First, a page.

What Your Child's Mess Says About His Fears

What Your Child's Mess Says About His Fears

We are searching data for your request:

Forums and discussions:
Manuals and reference books:
Data from registers:
Wait the end of the search in all databases.
Upon completion, a link will appear to access the found materials.

As the children grow up the room begins to become a refuge for them, your 'home', your living space. When they are teenagers, disorder turns into a battle cry, an act of rebellion. Or ... could it be something else?

There are different studies that relate the disorder of a home or a room with certain fears, or anxiety problems. It is clear that we are not going to analyze a small child, who has not yet learned to be organized, but we are going to analyze those older children who are beginning to own their room. We explain what your child's disorder says about their fears.

Clutter says more about us than you might think. It can be a projection of our personality (of aspects that we do not dare to recognize or do not see). Also, not all disorders are the same. You can have a pile of clothes on the chair or accumulate books on the shelf in the room. Is not the same. Find out what your child's disorder says about their way of being and their fears. Valid for fathers and mothers, because, let's face it, adults are also very messy (sometimes):

  1. Children who accumulate many new things. Children who ask for one thing and another, who never tire of accumulating objects as if it were a bazaar, on many occasions what happens is that they want to do too many things at once. They are indecisive, they doubt, it is difficult for them to focus on a single task, on a single objective. They are restless (and sometimes capricious). In fact, they probably have trouble finishing the task they started. They usually leave it and start a new one without having finished it. They are children who live accelerated and do not finish fully enjoying each task they started.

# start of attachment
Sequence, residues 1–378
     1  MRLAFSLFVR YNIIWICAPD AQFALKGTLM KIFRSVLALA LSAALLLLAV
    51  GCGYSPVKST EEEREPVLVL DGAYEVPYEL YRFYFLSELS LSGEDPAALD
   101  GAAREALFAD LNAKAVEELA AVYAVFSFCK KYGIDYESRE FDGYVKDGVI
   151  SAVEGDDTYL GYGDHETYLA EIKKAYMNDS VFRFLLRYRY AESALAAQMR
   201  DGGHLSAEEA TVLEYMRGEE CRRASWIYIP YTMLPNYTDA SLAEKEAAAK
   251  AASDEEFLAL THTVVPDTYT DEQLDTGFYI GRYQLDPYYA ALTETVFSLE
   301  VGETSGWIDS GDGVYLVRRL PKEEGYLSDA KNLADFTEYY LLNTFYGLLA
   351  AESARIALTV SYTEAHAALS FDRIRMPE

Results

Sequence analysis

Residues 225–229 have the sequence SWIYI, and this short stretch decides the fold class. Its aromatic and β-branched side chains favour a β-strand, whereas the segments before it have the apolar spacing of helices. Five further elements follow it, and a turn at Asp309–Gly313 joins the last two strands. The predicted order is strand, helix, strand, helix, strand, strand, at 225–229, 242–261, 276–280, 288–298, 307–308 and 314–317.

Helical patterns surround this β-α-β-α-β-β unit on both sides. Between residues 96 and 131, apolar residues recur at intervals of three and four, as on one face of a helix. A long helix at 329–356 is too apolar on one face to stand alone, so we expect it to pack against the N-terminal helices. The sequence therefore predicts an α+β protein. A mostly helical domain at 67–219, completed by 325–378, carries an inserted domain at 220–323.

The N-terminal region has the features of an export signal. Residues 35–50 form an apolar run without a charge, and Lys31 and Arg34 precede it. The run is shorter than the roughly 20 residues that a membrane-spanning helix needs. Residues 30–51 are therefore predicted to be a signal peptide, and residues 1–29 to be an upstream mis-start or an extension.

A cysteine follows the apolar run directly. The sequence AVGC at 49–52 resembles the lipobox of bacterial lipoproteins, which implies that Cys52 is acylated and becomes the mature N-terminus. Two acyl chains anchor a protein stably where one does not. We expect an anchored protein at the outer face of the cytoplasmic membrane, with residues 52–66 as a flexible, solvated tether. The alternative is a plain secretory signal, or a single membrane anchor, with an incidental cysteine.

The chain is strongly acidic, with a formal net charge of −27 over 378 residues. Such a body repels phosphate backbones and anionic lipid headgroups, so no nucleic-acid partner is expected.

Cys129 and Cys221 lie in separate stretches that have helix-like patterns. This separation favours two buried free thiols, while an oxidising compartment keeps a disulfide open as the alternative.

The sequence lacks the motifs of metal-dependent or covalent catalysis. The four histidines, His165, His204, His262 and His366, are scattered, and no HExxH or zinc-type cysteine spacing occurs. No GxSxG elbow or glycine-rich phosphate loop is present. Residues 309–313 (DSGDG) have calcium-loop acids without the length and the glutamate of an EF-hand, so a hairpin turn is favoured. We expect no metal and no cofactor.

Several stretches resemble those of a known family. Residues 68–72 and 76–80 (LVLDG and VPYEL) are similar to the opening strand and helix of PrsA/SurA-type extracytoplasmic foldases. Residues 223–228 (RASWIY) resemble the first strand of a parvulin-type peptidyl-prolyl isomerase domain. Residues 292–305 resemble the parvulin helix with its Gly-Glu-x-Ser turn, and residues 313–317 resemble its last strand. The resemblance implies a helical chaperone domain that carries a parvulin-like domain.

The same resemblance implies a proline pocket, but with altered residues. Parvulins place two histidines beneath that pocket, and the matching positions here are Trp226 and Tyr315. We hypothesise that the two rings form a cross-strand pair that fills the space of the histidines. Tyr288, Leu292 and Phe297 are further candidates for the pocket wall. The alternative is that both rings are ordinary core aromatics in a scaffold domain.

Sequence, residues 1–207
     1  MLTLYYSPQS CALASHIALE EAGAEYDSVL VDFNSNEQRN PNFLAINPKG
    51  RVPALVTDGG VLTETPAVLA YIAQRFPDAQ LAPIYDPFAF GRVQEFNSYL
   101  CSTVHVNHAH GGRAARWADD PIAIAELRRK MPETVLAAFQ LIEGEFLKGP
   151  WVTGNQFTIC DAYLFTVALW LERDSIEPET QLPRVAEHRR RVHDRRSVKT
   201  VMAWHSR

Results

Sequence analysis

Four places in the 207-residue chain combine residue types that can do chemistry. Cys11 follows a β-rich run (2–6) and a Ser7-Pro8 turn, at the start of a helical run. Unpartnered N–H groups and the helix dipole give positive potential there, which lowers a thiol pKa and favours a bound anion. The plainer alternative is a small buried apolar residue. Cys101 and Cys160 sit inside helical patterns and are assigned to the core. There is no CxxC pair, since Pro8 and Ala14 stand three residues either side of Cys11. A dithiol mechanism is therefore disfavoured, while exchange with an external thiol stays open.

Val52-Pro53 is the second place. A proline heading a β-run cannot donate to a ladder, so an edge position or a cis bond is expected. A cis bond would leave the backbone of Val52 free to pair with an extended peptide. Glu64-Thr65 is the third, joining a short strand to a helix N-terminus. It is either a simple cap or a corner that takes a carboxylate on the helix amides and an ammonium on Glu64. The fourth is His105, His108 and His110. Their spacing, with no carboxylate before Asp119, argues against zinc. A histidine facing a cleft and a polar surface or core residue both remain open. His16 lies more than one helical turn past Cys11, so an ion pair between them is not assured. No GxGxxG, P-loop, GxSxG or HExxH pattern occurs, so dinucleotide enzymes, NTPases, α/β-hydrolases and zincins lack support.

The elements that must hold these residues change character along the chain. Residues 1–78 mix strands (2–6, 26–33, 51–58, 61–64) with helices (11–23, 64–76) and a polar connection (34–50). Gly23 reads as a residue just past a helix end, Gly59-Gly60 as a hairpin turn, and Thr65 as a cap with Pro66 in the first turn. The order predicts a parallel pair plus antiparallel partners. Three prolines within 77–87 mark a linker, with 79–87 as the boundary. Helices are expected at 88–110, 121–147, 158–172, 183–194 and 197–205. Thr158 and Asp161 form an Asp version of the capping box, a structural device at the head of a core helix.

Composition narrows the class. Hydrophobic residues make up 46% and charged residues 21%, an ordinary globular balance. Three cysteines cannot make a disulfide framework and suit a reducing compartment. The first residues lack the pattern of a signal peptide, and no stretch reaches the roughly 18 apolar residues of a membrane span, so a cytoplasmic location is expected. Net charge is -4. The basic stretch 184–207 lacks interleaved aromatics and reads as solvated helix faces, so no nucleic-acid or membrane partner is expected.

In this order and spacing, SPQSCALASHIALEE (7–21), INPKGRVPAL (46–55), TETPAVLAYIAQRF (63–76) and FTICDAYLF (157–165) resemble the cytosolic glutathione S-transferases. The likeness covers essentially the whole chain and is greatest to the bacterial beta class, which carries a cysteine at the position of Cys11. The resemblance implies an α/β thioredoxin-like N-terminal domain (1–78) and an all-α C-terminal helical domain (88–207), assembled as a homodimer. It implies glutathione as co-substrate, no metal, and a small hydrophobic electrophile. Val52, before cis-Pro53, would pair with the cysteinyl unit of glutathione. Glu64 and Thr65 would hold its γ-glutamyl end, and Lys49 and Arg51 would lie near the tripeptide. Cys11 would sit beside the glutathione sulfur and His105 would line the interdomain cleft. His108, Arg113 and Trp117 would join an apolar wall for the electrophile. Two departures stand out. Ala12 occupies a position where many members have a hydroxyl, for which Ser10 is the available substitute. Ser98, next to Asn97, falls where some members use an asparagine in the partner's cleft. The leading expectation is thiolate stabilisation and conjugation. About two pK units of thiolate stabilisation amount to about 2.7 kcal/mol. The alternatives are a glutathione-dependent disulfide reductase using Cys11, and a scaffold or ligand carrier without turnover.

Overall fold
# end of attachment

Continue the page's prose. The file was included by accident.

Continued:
2. Children who keep all old toys, even if they are broken. Children who find it difficult to get rid of their old toys, those with which they no longer play, and who keep them even if they are broken, may have too much attachment to their past because they have a certain fear of the present and especially of the future and frustrations they will have to deal with. It also happens in the case of parents who have closets and a storage room full of bags with clothes, books and objects of all kinds that they will never use again but that they refuse to throw away.
  3. Accumulation of clothes and toys on chairs and shelves. Each object has its place, but many people (children and not so children) end up leaving them somewhere else. That kind of mess involves a whirlwind of confused ideas, many projects, many dreams, and little patience. They are the typical clueless people (and children), who tend to get excited about everything quickly but who go on an 'adventure' without any elaborate planning and who often end up abandoning a project when that initial illusion gradually fades.